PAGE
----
Local industries can power Kenya’s recovery
What have I done to ensure that I make the best of this crisis? This is a question that lingers on my mind and shapes my day-to-day activities as I ponder on President Obama’s Chief of Staff, Rahm Emanuel’s statement, “You never want a serious crisis to go to waste.
I mean, it’s an opportunity to do things that you think you could not do before.”
Whilst Covid-19 pandemic is a health crisis, no country is immune to the economic contagion currently spreading across the globe.
Indeed, the pandemic is one of the greatest economic and social disruption in the world since the second world war, impacting every sector and citizens at large.
In Kenya President Uhuru Kenyatta’s Big Four Agenda for transforming the economy through Manufacturing, Food Security, Universal Health Care and Affordable Housing pillars has been dealt a blow.
Manufacturing, which supports the other pillars of the agenda, has had far-reaching effects, with local industries experiencing a significant reduction in output, increased liquidity and logistics challenges, and a reduction of their workforce.
The impact has been far worse among Micro, Small and Medium Enterprises (MSMEs) compared to large enterprises.
But the Big 4 Agenda should not be allowed to crumble. Instead, the manufacturing pillar can spearhead Kenya’s recovery.
Reflecting on the statement by Rahm Emanuel, Kenyan industries have indeed taken up the challenge to do things that they would otherwise not have done.
This includes the repurposing of production lines and the development of innovations, such as the first-ever locally manufactured ventilator by the Kenya Association of Manufacturers (KAM) automotive sector.
A KAM, KPMG report on Manufacturing Resilience and Sustainability Strategy: A Sector Deep Dive identifies 76 opportunities for investment and value addition.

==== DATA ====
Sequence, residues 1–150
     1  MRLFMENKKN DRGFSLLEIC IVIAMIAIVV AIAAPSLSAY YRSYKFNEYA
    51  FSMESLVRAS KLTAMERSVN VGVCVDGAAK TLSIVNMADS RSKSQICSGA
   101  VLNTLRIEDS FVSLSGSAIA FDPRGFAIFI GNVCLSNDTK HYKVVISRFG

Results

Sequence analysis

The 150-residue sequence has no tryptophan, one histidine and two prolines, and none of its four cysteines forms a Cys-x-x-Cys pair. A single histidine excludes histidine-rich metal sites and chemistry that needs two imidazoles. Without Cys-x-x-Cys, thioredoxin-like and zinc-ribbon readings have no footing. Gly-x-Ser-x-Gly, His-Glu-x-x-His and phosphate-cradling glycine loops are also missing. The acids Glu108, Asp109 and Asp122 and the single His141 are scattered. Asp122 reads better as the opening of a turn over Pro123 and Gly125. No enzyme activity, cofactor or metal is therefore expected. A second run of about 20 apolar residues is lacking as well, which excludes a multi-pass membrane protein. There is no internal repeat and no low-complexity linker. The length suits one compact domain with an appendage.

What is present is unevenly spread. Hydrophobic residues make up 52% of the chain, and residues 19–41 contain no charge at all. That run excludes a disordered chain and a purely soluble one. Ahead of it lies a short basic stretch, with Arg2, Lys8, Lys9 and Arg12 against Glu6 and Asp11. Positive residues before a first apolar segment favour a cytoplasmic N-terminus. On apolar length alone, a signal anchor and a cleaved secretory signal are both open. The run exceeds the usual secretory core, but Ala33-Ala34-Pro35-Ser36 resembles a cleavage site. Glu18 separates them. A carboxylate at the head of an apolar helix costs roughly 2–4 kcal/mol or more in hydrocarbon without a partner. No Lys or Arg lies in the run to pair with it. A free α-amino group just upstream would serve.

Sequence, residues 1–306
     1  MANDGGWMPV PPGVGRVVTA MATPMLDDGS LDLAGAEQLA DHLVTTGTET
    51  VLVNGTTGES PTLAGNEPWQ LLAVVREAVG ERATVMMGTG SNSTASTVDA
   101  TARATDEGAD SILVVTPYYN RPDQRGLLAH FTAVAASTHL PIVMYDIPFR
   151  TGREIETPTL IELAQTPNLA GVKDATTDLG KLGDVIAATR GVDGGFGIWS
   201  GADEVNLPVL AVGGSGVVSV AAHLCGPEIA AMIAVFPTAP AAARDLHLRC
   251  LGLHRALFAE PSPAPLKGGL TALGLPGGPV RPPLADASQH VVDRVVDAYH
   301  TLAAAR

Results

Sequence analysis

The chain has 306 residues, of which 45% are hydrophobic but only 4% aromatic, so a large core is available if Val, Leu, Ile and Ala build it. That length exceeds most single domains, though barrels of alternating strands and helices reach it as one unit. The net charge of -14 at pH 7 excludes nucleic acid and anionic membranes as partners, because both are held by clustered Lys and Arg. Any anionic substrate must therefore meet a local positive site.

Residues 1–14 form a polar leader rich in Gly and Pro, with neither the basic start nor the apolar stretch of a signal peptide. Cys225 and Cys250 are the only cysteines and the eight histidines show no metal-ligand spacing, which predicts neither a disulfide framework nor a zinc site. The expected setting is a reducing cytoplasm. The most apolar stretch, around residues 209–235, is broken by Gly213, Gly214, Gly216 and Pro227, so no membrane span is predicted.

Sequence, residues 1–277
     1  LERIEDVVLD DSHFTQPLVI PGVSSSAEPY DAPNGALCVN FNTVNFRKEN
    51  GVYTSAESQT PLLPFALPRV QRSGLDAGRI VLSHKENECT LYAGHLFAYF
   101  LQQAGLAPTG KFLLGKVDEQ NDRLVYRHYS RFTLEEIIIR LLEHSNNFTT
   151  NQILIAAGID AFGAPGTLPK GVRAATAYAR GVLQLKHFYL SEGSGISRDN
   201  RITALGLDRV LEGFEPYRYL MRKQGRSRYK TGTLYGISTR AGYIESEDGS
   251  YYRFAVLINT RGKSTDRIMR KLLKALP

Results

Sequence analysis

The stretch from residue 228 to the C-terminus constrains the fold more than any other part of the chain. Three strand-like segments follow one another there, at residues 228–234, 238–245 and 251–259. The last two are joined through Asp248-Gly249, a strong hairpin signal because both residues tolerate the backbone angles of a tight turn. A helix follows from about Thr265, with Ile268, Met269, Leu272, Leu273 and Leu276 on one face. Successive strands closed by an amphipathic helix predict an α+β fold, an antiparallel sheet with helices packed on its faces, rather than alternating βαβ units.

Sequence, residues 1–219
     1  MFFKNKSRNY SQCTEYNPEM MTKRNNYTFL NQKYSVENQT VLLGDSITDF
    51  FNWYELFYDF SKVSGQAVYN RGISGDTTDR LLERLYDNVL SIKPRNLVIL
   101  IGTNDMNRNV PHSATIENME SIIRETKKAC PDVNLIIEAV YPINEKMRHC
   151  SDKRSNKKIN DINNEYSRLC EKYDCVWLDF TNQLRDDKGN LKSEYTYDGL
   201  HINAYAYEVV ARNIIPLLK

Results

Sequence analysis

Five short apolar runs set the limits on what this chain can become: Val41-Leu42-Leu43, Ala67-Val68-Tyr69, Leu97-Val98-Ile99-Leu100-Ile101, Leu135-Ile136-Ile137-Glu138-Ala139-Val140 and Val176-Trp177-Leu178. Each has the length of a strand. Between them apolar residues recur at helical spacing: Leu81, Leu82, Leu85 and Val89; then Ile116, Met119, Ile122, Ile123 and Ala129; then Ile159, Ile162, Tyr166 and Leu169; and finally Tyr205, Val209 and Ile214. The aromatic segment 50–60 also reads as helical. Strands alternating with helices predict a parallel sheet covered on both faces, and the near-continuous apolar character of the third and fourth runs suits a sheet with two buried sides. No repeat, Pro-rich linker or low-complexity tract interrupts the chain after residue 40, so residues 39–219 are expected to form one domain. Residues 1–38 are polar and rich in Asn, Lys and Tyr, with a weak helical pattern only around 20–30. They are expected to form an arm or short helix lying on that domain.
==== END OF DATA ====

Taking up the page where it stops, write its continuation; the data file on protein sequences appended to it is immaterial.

These include the manufacture and supply of medical equipment, investments in adopting new technology and developing local value chains to reduce dependence on imports.
We have also seen local industries increase investments in innovation that will create jobs, generate revenue and show that Kenya can still power forward with the Big 4 Agenda.
For example, despite the current economic uncertainty, Isuzu East Africa is set to upgrade its assembly plant and warehousing facilities as it seeks to locally manufacture new models of fleets for the local and regional market.
On the other hand, BAT Kenya will launch a nicotine factory in Nairobi this year.
The two manufacturers are expected to create over 350 direct jobs and support over 50,000 Kenyan businesses in their extended value chain.
Such opportunities and investments give us hope that, although the road to economic recovery may not be short, our manufacturing sector is on its toes to get Kenya back on its feet.
To realise this, however, we must address hindrances to the growth, development of a resilient sector to attain the 15 per cent contribution to Kenya’s GDP as envisioned in the Big Four Agenda.
This includes long term policy stability, improved ease of doing business, a supportive regulatory environment, deferring any tax policies that increase the burden to taxpayers, developing regional value chains to minimize exposure from external shocks.
For SMEs, it includes provision of affordable credit and subcontracting opportunities to increase their market linkages.
Actions by manufacturers are a clear sign to Kenya’s economy – and the world at large – that Kenya is open for business and has a solid future as an African powerhouse for creative and entrepreneurial success.
We should make great efforts, as a country, to create an enabling environment for investments for expanding existing plants and new opportunities within the sector. The writer is the CEO of Kenya Association of Manufacturers and the UN Global Compact Kenya Chapter Board Chair — [email protected]